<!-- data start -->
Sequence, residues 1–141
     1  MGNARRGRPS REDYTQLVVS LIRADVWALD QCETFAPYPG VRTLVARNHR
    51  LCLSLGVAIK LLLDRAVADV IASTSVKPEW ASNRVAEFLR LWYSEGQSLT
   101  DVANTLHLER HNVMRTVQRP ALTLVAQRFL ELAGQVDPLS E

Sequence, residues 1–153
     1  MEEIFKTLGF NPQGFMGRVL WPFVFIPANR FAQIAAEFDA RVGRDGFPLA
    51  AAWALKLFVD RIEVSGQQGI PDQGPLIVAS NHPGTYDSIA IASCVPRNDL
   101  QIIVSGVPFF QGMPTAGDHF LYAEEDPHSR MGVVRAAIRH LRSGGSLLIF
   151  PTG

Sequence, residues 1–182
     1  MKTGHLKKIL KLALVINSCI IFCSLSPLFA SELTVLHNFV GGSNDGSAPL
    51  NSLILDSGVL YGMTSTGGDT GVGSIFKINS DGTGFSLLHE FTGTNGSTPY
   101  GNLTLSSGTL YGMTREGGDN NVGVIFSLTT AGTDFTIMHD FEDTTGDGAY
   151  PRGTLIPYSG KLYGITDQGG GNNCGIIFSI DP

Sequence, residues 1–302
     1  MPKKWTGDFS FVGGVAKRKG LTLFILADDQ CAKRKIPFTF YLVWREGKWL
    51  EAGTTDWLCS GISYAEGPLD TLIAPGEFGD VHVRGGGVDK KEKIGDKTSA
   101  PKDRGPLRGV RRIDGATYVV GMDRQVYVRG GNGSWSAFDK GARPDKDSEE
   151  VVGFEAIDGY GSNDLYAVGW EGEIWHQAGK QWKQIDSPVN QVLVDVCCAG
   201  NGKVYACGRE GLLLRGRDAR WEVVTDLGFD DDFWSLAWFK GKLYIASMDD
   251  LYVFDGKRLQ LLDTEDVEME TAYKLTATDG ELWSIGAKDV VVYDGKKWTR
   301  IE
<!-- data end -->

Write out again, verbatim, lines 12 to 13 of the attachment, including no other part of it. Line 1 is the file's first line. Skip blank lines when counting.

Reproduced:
    51  NSLILDSGVL YGMTSTGGDT GVGSIFKINS DGTGFSLLHE FTGTNGSTPY
   101  GNLTLSSGTL YGMTREGGDN NVGVIFSLTT AGTDFTIMHD FEDTTGDGAY